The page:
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Pulmonary tumors in the Netherlands: focus on temporal trends in histology and stage and on rare tumors
  1. Wouter K de Jong (w.k.de.jong{at}int.umcg.nl)
  1. University Medical Center Groningen, Netherlands
    1. Michael Schaapveld (m.schaapveld{at}ikn.nl)
    1. Comprehensive Cancer Center Northern Netherlands, Groningen, Netherlands
      1. Johannes LG Blaauwgeers (j.l.g.blaauwgeers{at}olvg.nl)
      1. Onze Lieve Vrouwe Gasthuis, Amsterdam, Netherlands
        1. Harry JM Groen (h.j.m.groen{at}int.umcg.nl)
        1. University Medical Center Groningen, Netherlands

          Abstract

          Background: Recent temporal trends in histology and stage of pulmonary tumors in the Netherlands were studied. The incidence of rare pulmonary tumors was determined.

          Methods: All tumors originating from trachea, bronchus, and lung recorded in the Netherlands Cancer Registry were included. Based on ICD-O morphology codes, five major subgroups were constructed: squamous carcinoma(SC), adenocarcinoma(AC), large-cell (undifferentiated) carcinoma(LC), small-cell lung cancer(SCLC), and other(including the uncommon tumors).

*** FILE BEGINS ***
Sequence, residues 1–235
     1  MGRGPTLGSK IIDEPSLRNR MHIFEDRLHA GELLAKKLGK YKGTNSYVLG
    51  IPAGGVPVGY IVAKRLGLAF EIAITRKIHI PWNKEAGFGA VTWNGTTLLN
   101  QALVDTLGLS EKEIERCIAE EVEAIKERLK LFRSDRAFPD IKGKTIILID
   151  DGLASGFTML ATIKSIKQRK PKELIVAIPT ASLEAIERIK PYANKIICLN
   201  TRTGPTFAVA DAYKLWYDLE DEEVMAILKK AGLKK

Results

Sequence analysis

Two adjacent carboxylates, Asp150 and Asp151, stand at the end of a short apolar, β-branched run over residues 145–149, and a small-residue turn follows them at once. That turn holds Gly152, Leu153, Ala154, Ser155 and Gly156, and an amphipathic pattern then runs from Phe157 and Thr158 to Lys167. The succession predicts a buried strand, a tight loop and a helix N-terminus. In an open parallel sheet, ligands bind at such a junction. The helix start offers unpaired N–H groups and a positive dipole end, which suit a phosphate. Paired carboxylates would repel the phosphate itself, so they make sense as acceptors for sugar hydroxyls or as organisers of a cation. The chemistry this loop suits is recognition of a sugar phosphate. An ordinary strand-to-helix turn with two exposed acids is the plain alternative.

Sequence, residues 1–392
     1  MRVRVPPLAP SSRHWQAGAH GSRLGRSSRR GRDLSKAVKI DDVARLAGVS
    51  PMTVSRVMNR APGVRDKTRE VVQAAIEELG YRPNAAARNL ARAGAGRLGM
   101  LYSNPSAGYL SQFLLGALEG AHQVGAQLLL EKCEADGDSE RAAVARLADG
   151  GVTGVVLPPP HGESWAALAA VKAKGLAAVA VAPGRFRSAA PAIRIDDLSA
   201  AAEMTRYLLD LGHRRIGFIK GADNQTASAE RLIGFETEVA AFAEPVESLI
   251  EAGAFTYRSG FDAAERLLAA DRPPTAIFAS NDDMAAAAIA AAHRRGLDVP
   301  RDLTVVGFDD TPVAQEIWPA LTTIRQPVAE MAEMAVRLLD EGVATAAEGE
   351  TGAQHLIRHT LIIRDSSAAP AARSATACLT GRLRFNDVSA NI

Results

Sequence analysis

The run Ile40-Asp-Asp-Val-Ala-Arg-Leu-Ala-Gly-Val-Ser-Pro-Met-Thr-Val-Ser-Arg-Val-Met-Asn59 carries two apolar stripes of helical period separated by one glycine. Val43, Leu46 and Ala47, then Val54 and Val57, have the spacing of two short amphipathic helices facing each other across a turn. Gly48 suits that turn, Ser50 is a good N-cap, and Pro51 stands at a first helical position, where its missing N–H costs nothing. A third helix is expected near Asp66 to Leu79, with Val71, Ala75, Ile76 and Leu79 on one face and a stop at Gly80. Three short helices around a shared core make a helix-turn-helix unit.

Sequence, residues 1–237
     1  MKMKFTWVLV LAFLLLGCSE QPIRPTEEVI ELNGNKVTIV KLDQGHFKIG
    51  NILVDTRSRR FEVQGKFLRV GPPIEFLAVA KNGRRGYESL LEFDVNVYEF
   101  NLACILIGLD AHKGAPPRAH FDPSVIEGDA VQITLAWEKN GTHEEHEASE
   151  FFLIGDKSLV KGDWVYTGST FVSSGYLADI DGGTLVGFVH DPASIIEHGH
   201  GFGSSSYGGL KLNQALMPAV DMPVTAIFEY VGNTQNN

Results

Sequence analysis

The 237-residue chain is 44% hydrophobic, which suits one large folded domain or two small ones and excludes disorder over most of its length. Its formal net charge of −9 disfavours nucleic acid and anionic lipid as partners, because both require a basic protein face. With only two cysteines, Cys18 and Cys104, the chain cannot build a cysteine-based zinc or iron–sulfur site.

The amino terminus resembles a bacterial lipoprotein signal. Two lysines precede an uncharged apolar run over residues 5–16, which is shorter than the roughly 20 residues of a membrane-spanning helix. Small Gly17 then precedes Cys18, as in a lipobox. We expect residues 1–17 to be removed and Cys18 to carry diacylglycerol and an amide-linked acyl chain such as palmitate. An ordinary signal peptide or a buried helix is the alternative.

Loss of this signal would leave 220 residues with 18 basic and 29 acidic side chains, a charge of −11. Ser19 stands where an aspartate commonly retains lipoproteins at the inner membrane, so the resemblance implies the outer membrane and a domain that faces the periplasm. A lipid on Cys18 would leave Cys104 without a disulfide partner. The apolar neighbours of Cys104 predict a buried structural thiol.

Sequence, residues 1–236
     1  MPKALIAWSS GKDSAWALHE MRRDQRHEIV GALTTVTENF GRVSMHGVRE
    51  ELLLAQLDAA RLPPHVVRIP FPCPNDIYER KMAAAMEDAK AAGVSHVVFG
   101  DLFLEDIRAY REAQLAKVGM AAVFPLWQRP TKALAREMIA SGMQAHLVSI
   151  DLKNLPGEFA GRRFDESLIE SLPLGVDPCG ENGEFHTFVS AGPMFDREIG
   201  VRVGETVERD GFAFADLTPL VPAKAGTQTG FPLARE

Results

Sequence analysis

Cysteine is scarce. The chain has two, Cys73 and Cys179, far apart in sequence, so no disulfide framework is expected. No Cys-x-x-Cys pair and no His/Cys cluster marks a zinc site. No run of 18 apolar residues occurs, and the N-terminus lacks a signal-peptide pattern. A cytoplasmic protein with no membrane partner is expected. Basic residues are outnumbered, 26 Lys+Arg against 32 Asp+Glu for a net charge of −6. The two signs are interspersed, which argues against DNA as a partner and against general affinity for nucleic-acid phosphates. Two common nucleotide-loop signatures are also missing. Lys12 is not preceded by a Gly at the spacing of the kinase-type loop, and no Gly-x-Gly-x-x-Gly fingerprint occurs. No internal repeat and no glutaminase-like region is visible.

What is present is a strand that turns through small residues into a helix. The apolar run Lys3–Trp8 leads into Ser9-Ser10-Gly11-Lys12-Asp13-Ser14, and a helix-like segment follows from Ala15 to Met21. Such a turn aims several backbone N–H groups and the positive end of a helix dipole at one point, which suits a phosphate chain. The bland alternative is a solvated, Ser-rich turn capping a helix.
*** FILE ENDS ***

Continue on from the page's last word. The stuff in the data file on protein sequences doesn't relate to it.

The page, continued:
Results: Between 1989-2003, 134,894 tumors were diagnosed. In males, the age-adjusted incidence of SC and SCLC decreased, AC remained stable and LC increased. In females, incidence of all subgroups increased. Since 1996, a stage shift was observed, with fewer patients in stage I, and more patients in stage IV at diagnosis. This stage shift occurred equally in SC, AC, and LC. In SC fewer patients presented with stage IV disease than in AC and LC (25% versus 44% and 49% in 2003, respectively). The incidence of adenosquamous carcinoma decreased (from 0.6 to 0.29/100,000;p<0.001). The incidences of carcinoid tumors, sarcomatoid carcinomas, and primary pulmonary sarcomas remained stable (0.44, 0.17, 0.08/100,000, respectively).

          Conclusion: The incidence of smoking-related tumors decreased in males (especially SC and SCLC) and increased in females (all subgroups). More patients presented with stage IV disease. The incidence of non-smoking-related, uncommon tumors remained constant.

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